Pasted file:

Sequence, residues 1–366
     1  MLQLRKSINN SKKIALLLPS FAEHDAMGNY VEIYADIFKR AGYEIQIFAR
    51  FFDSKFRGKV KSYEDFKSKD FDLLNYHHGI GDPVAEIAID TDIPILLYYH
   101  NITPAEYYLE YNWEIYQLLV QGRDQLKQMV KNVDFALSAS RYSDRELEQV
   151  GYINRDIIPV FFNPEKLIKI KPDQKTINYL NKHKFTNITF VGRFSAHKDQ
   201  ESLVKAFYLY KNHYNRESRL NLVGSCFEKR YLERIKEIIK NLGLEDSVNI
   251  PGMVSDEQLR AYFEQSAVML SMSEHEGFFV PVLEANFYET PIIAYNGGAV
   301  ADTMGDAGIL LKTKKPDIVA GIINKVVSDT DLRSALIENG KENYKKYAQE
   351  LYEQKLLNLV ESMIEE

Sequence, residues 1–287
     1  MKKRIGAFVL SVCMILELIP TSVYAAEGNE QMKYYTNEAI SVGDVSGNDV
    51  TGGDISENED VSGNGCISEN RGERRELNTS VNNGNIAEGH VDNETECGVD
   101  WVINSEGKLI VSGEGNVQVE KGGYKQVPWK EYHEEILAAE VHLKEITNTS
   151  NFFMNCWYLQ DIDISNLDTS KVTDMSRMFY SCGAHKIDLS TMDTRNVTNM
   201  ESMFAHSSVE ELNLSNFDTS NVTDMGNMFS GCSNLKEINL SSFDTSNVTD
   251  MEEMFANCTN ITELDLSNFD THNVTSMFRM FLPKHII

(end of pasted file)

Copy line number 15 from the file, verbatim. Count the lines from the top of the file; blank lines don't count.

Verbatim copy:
   201  ESMFAHSSVE ELNLSNFDTS NVTDMGNMFS GCSNLKEINL SSFDTSNVTD